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They have been called “Ships of Shame” and “Runaway Flags.”  They are substandard vessels crewed by exploited, often inadequately trained mariners.  In most cases, there is little connection between the owners of these ships and the countries under whose flags their vessels fly.

These floating sweatshops are the building blocks of the notorious “Flag-of-Convenience” (FOC) system.  It exists for one reason and one reason only: to allow companies to avoid paying taxes and escape the minimum health, safety and environmental standards of their home countries.

The FOC system became embedded in the international community after World War II, when Congress enacted the Ship Sales Act of 1946, which authorized the sale of American vessels overseas at cut-rate prices.  The situation was exacerbated a year later when the government offered War Risk Insurance to American companies that had reflagged their vessels under registries deemed to be under “the Effective Control of the U.S.”

The rise of the FOC system has threatened traditional maritime registries.  As a result, conditions in the international community have worsened.  In response, the MTD and its affiliates have given strong support to the worldwide FOC Campaign run by the International Transport Workers’ Federation (ITF), a London-based association of more than 600 transport unions.

With more than 100 inspectors located in ports around the world, the ITF and its affiliates have established policies that form the basis of an ITF Standard Collective Agreement.  In ports all across the world, they have contacted federal and local officials to deal with unpaid wages, unsafe conditions and foreign mariners who have been left stranded.

The ITF defines an FOC vessel as being one that flies the flag of a country other than the country of ownership.  There is no “genuine link.”

FOC registries are characterized by cheap registration fees, low or no taxes and the freedom to employ cheap labor.  There is little transparency, which means that the true owners of a vessel are hard to track down.  Not only does this hinder the enforcement of U.S. or international environmental laws in cases where there have been oil spills or other accidents, it also gives unsavory people and groups a means to launder money.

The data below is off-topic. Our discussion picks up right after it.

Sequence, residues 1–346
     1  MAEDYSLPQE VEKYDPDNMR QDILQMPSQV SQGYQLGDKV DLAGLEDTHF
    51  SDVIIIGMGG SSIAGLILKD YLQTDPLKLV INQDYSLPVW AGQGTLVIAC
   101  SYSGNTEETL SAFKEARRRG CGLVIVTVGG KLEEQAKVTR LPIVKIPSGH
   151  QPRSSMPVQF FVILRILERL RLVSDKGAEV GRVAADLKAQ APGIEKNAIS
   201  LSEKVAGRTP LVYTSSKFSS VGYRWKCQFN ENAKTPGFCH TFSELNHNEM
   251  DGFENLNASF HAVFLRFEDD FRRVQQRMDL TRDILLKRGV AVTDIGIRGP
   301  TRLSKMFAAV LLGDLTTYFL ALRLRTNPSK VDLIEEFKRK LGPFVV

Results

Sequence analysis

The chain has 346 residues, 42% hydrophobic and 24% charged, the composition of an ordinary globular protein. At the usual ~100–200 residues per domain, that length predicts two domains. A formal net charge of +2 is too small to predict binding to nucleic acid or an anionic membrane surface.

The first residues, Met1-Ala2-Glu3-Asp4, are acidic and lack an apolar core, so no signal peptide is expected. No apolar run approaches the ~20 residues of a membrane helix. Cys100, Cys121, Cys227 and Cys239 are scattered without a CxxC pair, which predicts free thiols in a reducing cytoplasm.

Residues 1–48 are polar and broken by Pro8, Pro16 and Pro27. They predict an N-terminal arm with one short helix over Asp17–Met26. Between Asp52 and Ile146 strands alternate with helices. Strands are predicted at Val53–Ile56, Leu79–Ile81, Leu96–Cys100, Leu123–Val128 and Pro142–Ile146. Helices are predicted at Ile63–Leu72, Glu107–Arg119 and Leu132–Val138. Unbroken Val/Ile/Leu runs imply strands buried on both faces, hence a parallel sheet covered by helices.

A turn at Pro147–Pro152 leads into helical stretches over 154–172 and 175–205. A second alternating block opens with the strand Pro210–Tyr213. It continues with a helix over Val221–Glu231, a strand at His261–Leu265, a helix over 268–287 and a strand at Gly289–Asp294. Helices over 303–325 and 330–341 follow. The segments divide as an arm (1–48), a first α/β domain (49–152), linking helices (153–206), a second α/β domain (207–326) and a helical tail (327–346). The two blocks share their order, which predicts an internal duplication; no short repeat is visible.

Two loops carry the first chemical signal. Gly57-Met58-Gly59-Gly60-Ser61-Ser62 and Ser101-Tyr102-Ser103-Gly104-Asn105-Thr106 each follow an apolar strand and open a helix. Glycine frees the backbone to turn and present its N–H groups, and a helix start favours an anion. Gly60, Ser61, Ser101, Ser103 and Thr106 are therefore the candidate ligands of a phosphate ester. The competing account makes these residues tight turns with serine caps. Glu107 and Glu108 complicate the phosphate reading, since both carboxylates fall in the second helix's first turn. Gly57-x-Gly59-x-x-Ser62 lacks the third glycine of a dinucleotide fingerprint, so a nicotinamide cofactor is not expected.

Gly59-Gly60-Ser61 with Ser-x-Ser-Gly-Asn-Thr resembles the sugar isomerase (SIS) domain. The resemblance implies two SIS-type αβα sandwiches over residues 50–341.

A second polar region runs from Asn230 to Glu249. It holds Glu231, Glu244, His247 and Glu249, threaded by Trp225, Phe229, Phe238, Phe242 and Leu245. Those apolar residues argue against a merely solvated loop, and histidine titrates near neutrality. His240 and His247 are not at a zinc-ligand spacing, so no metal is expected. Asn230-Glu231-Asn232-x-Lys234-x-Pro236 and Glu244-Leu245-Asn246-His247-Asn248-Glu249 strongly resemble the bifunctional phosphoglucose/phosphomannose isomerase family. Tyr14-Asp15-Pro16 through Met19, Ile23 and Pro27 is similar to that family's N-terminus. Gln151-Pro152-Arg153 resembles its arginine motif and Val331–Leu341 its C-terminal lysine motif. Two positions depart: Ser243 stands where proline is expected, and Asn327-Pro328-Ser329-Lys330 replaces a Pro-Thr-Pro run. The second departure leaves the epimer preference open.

In the United States, there are federal and state maritime schools and jointly run labor/management facilities to ensure the availability of the highest skilled labor.  In the FOC system, crews are supplied by hiring agents who can blackball a person for making any kind of protest against shipboard conditions, even those that threaten the lives or safety of the crew.  Training standards aboard these vessels often are non-existent.

Pointing to the rise of globalization, the ITF recently noted, “Each new FOC is forced to promote itself by offering the lowest possible fees and the minimum of regulation. In the same way, ship owners are forced to look for the cheapest and least regulated ways of running their vessels in order to compete.”

As part of its FOC campaign, the ITF is requesting:

  • The elimination of the FOC system and the establishment of a regulatory framework for the shipping industry;
  • That individuals and organizations concerned with improving conditions in the international maritime community attack substandard shipping and seek ITF acceptable standards on all ships irrespective of flag; and
  • Legislators and policymakers around the world work to protect and enhance the conditions in the international maritime industry and to ensure that all workers are protected from exploitation by their employers and those acting on their behalf.